You will have 4 kinds of written exams: 2 long exams after every system, 1 unit exam after every 2 systems, 2 written bimonthly exams (1 exam per system). You will have practical exams in histology and anatomy every unit exam and bimonthly exam. Each practical exam is 40 items per subject and is a moving exam with 45 seconds per number. You will need 75% to pass.
Oral examinations occur during bimonthly exams and consist of 24 topics based on any of the systems you have previously discussed. During the day of the oral examination, you will be assigned to any of the facilitators and you will be asked to choose 3 questions to answer and explain in detail. The facilitator has to be satisfied with your answer for you to get a good score. You only have 10 minutes.

Final exams consists of 4 days of written exams based on the 4 subjects from cover to cover because technically, all books HAVE been read from cover to cover. Failing any exam will mean deficits. Deficits mean you need to catch up not only to pass but to get scores high enough to cancel out your deficits. An accumulation of deficits means failing. AND THIS IS ONLY FIRST YEAR.

So my school is easy? Please. Your school can’t even cover the basics well enough for your graduates to pass the board exam. You’re trying to fly when you can barely walk.

11. What’s the passing rate of your school so I can apply? Wait, what’s PBL?

Seriously? You shouldn’t go around asking people about the passing rate of the NMAT without knowing about the school. That is a very dumb way of school hunting. You are an idiot. Don’t bother.




My cousin introduced me to Omegle last night.

But FIRST. What is Omegle?

Omegle is an online chat website that allows users to communicate with strangers without registering. The service randomly pairs users in one-on-one chat sessions where they chat anonymously using the handles “You” and “Stranger”. (source: wikipedia)

Omegle is actually very interesting, because compared to most chat rooms, it’s just you and someone labelled stranger. You can choose to leave any time you like and if you begin feeling uncomfortable with whoever you’re chatting with, and they can do the same. I’m sure everyone has an idea of what a chat room is like, because I don’t want to waste my time discussing how it works.

When I chat, I try not to take everything so seriously. I hate the “hi, asl” thing and apparently most people do. So, along with my cousin who is also named Patricia, we ended up starting really strange conversations, pretending to be unicorns from unicornland, penguins in antartica, or just being really really really major trolls. Like I said, nothing serious.

First person who actually sounded cool and didn’t leave the chatroom when we told them some random thing was this guy who started off with saying “‘sup?” and we responded by saying “hi” and he asked “dude or duddette?‘ and i said “duddette. 🙂and he was really cool. He was like, “Oh hi duddette!” and I said “So, are you a dude, dude?” and he said yes. then before we could continue the conversation, my cousin accidentally clicked the mouse and ended the conversation. Which was bad because he sounded really cool. But it did give us hope that somewhere out there, there were people like us.

So we tried again.

After even more run ins with horny teenagers which we evaded by telling them we cannot have sex because we are unicorns in search for virgins, after which they proceeded to leave, we bumped into a 25 year old Brit named Arthur who was taking up Marine Biology. First thing we said to him was “please don’t be a horny teenager” and he said “Don’t worry, I’m not. My name is Arthur, it’s a pleasure to meet you” and with that we began our conversation. I asked if he finally found his sword, and he told me he was still working on it. (King Arthur) It was an interesting conversation considering how polite he was and how “gentlemanly” his questions and answers were. Besides taking up Marine Biology, he also works at a radio station, which was intriguing because I have always wanted to work as a DJ for Killerbee, but they only wanted me for the morning because my voice was too high pitched and “perky” for the evening shift. After talking about college and tumblr, he told me to give him 2 seconds and we magically got disconnected because of a technical error. He was nice. Strange and quiet, but nice.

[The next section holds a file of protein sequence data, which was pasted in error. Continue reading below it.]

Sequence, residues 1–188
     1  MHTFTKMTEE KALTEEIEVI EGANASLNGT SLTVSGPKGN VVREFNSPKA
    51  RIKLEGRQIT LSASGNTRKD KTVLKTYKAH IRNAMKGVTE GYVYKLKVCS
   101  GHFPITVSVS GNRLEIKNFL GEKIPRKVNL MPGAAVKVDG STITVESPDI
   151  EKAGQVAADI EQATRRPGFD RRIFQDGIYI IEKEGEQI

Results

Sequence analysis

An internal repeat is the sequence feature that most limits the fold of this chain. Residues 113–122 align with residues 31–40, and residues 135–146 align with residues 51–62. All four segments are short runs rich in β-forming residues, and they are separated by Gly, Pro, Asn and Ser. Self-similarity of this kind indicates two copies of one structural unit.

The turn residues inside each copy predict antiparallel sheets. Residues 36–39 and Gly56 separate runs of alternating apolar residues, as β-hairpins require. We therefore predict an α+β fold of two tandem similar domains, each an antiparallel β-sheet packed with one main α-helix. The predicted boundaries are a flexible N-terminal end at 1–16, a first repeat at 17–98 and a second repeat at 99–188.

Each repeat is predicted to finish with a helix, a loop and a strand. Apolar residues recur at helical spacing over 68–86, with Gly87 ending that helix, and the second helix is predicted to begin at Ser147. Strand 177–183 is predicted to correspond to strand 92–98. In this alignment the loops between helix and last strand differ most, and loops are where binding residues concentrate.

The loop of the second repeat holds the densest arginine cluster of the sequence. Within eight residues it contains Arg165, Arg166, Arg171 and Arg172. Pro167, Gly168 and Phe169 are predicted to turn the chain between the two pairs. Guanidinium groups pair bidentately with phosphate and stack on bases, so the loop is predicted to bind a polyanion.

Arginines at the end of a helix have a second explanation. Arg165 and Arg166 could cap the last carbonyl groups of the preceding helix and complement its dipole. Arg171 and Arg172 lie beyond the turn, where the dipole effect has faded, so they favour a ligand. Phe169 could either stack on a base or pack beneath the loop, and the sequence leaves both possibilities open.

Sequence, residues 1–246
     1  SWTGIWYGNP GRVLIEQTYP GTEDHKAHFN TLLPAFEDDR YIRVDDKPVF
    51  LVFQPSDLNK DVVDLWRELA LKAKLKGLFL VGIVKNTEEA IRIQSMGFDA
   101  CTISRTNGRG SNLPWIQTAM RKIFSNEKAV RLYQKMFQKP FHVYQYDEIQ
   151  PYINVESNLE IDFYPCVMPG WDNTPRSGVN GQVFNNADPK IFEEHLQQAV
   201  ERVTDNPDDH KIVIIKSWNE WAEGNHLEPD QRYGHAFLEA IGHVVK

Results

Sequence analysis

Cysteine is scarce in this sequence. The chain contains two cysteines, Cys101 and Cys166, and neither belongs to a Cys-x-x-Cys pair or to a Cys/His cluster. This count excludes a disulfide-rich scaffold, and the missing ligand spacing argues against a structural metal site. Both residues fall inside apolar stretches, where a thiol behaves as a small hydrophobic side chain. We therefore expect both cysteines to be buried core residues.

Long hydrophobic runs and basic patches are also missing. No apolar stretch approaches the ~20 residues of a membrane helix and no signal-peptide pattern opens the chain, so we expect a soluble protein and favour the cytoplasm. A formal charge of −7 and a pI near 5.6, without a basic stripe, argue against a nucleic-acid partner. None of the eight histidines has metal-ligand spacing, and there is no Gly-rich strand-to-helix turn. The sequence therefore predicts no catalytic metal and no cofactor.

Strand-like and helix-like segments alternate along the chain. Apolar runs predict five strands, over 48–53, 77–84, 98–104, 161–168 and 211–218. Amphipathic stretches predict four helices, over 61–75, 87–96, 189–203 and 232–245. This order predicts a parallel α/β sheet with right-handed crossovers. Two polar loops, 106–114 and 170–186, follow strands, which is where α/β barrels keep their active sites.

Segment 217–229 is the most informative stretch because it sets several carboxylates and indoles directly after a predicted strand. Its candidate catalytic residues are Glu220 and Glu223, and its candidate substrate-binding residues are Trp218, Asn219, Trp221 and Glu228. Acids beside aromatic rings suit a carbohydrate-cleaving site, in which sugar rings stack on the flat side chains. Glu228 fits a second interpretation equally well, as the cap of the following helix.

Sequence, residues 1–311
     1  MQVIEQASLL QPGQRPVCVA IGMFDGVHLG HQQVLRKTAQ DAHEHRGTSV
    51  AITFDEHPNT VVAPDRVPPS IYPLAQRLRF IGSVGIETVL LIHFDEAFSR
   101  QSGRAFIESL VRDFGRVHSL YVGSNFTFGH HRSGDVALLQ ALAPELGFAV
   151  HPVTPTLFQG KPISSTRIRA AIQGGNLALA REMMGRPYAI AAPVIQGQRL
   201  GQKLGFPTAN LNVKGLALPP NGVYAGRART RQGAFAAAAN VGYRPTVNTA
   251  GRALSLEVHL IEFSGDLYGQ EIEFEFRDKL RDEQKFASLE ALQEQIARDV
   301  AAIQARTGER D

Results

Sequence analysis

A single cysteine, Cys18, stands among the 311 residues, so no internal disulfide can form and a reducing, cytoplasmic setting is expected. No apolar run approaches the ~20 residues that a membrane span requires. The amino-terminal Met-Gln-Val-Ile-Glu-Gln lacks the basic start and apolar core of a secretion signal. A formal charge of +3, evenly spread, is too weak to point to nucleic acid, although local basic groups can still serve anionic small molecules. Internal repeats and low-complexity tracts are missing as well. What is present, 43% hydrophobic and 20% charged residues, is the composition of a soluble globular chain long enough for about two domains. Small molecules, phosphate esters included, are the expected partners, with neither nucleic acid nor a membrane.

The next person I met was this guy below. I just wanted to post it because I had so much fun with this guy or girl. I mean, this is how I am. I say random things and wait to be surprised by whoever is on the other end.

I guess he/she was looking for something else. But I had a blast being surprised by the replies. 🙂

I bumped into a few ASIANS.

The first is from Taiwan, but moved to Australia for school. Her name is Maggie and she was really nice. She told me she wanted to be a nurse and asked me about what nursing is like because I told her it was my pre-med. 🙂 She told me she was extremely shy and had to overcome that first before she even expected to become a good nurse. I told her that nursing will help her with her shyness and will teach her how to talk to people especially to her patients therapeutically. She asked me if nursing was hard, and I told her all things in life have some level of difficulty but if she really really really wanted it, then it wouldn’t matter because it would be worth it. The conversation ended early because of the time difference and she had school the next day. She asked for my facebook and added me and I guess we have Asian pride, because we talked about Being Asian a bit and how Awesome we are (ASIAN ftw!)